BY: K. Sai Manogna (MSIWM014)

In 1952, Joshua Lederberg invented the word ‘plasmid.’ It was initially formed from bacteria; plasmids are extrachromosomal genetic elements that can reproduce independently in most Archae, Eukarya species, and Eubacteria. Plasmids are double-stranded circular DNA molecules that are different from the chromosomal DNA of the cells. 

The genetic material found within the chromosomal DNA guides the structure and function of a bacterial cell. In some instances, plasmids are usually not required for the host bacterium to survive. Although not necessary, by encoding functions that may not be defined by the bacterial chromosomal DNA, plasmids significantly contribute to bacterial genetic diversity and plasticity. Antibiotic tolerance and the expression of proteins, for example. The plasmid is also encoded by antibiotic resistance genes, allowing the bacteria to survive in an environment containing antibiotics, thereby providing the bacterium with a competitive advantage over species susceptible to antibiotics. Plasmids may be altered as a means to express the protein of interest for e.g., production of human insulin using recombinant DNA technology. 

 As a mechanism for gene-cloning and as a vehicle for gene-expression, plasmids have been central to modern recombinant DNA technology. 

Isolation of Plasmids 

In molecular biology, bacterial plasmid DNA isolation is a crucial technique and an integral step in many processes, such as cloning, DNA sequencing, transfection, and gene therapy. These manipulations need the isolation of high purity plasmid DNA. In all molecular biology procedures, cloning, such as digestion with restriction enzymes, PCR, transfection, in vitro translation, blotting, and sequencing, purified plasmid DNA can be used for immediate usage. 

In molecular biology, alkaline lysis is used to separate plasmid DNA or other cell components, such as proteins, by splitting open the cells. Primarly, bacteria containing the plasmid of interest are allowed to grown and then lysed with an alkaline lysis buffer composed of a sodium dodecyl sulphate (SDS) detergent. Cellular debris is extracted, and the plasmid is separated and filtered through a series of steps, including agitation, precipitation, centrifugation, and the removal of the supernatant. 

Principle:

Purification of plasmid DNA from bacterial DNA using alkaline lysis is based on the differential denaturation of plasmid and chromosomal DNA. Disruption of the cellular structure to produce a lysate, separation of the plasmid from the chromosomal DNA, cell debris, and other insoluble material are the essential steps of plasmid isolation. With a lysis buffer solution, bacteria are lysed. 

Materials and Equipment:

Refrigerated centrifuge

Vortex

Microwave oven

pH meter 

Orbital shaker 

Micropipettes

Autoclave

LB plate with Bacterial colonies

1.5 ml micro-centrifuge tubes

Autoclaved distilled water

Microtips

Microfuge tubes 

Chemicals:

1. Lysis Solution (Solution I)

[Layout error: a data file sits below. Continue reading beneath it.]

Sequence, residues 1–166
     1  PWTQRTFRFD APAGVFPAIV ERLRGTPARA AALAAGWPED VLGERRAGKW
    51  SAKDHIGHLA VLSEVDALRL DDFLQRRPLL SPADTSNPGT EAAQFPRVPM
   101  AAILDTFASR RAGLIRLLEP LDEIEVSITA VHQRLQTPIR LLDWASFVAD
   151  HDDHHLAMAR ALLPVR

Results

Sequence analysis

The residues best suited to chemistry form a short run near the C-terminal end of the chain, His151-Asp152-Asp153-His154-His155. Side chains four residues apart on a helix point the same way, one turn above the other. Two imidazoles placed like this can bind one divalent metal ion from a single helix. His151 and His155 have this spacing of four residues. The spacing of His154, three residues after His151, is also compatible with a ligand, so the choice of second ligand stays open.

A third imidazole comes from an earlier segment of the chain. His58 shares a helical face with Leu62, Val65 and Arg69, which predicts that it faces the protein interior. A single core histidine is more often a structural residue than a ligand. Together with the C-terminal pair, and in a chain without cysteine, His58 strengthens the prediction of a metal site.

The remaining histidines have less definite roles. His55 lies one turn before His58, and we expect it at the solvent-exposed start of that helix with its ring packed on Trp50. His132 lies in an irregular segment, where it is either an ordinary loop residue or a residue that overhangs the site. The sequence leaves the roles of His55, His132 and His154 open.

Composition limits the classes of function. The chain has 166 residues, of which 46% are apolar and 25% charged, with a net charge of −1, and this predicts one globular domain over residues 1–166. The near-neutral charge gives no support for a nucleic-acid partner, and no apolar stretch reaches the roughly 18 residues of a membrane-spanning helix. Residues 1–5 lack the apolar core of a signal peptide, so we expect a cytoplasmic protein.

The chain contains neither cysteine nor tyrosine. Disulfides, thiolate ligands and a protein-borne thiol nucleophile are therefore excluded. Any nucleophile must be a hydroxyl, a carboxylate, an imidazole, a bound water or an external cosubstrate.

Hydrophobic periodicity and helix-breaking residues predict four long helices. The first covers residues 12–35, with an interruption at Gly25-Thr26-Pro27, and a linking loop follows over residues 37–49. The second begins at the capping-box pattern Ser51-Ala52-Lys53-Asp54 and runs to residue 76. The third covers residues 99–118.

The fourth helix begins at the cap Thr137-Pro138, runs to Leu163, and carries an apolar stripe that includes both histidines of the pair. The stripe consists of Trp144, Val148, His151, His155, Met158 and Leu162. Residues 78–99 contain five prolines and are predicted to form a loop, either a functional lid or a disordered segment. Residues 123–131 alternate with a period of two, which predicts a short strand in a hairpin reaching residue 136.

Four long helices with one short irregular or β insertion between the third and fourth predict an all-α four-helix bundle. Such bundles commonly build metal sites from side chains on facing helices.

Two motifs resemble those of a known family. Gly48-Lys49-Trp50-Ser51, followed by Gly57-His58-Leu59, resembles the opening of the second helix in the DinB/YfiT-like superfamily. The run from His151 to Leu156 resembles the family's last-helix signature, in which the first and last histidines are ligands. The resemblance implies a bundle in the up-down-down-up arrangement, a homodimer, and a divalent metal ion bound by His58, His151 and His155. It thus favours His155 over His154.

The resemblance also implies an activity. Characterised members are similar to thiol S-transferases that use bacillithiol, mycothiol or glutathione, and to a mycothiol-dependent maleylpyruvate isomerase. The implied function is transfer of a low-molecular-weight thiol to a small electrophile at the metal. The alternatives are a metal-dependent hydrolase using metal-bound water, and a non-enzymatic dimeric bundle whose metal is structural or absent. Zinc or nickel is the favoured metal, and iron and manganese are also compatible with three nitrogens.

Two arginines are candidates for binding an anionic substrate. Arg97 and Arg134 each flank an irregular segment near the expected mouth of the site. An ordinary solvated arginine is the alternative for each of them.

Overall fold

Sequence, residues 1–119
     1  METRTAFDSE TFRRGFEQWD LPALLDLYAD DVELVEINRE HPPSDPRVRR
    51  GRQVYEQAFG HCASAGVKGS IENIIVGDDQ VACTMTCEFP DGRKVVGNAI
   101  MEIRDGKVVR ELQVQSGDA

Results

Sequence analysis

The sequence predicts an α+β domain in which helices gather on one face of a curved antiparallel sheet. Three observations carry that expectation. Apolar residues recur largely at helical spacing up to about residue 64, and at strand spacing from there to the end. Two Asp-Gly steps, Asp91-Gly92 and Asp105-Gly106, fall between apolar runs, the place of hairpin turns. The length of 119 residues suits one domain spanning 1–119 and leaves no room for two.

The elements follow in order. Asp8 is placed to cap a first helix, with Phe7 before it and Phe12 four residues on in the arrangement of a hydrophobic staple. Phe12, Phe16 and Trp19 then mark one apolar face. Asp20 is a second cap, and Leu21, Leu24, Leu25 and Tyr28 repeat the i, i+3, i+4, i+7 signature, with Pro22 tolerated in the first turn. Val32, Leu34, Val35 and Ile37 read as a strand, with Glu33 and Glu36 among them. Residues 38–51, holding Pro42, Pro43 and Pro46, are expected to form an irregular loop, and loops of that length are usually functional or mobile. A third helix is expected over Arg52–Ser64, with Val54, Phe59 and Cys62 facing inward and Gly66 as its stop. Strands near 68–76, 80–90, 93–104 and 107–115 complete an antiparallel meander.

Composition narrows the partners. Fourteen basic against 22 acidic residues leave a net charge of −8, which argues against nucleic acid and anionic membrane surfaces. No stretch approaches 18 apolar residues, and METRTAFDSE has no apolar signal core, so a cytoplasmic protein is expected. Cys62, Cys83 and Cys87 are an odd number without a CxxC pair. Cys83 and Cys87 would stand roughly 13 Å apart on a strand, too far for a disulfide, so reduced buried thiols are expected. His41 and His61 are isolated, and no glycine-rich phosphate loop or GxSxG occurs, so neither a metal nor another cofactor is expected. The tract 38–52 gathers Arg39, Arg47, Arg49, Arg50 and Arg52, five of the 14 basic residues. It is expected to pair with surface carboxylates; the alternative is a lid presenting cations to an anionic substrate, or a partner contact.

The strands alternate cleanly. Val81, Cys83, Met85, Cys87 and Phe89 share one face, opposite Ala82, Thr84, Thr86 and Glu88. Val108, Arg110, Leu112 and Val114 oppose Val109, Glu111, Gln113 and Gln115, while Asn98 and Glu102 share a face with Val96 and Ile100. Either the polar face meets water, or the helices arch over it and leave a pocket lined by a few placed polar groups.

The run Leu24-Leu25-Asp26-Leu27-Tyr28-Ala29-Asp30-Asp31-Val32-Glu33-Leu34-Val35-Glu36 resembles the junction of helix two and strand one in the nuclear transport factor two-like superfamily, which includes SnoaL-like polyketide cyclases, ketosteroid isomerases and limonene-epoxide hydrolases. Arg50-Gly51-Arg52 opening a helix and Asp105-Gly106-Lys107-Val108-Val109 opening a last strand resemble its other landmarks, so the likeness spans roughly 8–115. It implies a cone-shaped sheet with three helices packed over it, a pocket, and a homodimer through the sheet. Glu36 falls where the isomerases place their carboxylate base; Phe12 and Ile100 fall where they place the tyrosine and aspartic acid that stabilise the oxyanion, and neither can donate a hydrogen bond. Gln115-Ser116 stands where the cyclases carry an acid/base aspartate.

2. Denaturation solution (Solution II)

3. Neutralizing solution (Solution III)

4. TE Buffer

5. RNase

6. Phenol: Chloroform: isoamyl alcohol

7. 70% Ethanol

8. Isopropanol 

Preparation of Stock solutions:

  1. Solution I (Lysis solution): 50mM Glucose, 25mM Tris-Hcl (pH 8.0), 10mM EDTA (pH 8.0). Store at 4oC.
  2. Solution II (Denaturation solution):1% SDS, 0.2N NaOH (pH 12.0). Freshly prepared and store at room temperature.
  3. Solution III (Neutralizing solution): 60 ml of 5 M potassium acetate, 11.5 ml of glacial acetic acid, and 28.5 ml of water. Store at 4oC.
  4. TE Buffer: 10mM Tris-HCl (pH 8.0), 10mM EDTA (pH 8.0)
  5. RNase (1mg/ml)
  6. Phenol: Chloroform: Isoamyl alcohol -(25:24:1).
  7. Washing buffer
  8. Elution buffer

Biological material:

Overnight grown culture of E.coli.

PROCEDURE

Harvesting of the cells: 

  1. The single bacterial colony is transferred into a 5 ml LB medium containing appropriate antibiotic, incubated for 16 hrs at 37oC with vigorous shaking. 
  2. About 1.5 ml culture is transferred into a microfuge tube and centrifuged at 6000 rpm for 5 min at 4oC and discard the supernatant. 

Isolation of Plasmid by alkyl-lysis method:

1. The bacterial pellet is re-suspended in 100μl of ice-cold solution-I by vigorous vortexing. This is essential to ensure that the bacterial pellet is wholly dispersed in the solution I. 

2. Add 200μl of freshly prepared solution II. Mix the contents by inverting the tubes rapidly 4 to 5 times. A transparent and viscous solution ensured complete lysis. Do not vortex. Incubate on ice for 3 min. 

3. Add 150μl of ice-cold solution III. Mix by gently inversion for about 10 seconds to disperse the solution III through the vicious bacterial lysate. Further incubate the tubes on ice for 5 min. 

4. Centrifuge at10,000 rpm for 5 minutes at 4oC and transfer the supernatant to a fresh tube. 

5. To this add equal volumes of phenol-chloroform, mix by vortexing. After centrifuging at 10,000 rpm 5 minutes at 4oC, transfer the aqueous phase to a fresh tube. 

6. Precipitate the double-stranded DNA by adding an equal volume of isopropanol, mix gently, and allow the mixture to stand for two minutes. Then centrifuge at 10,000 rpm for 10 minutes at 4oC. 

7. Remove the supernatant by gentle aspiration. 

8. Then wash the pellet with 1 mL of 70% ethanol (twice). Allow the DNA pellet to air dry for 10 minutes. 

9. Re-dissolve the DNA pellet in 50μl of TE (pH 8.0). 

Isolation of PLASMID by spin column method:

1. Inoculate a single colony of bacterial cells from the petri plate using a sterile inoculation loop to 5ML of LB broth and allow them to grow overnight at 37°C at 200 rpm.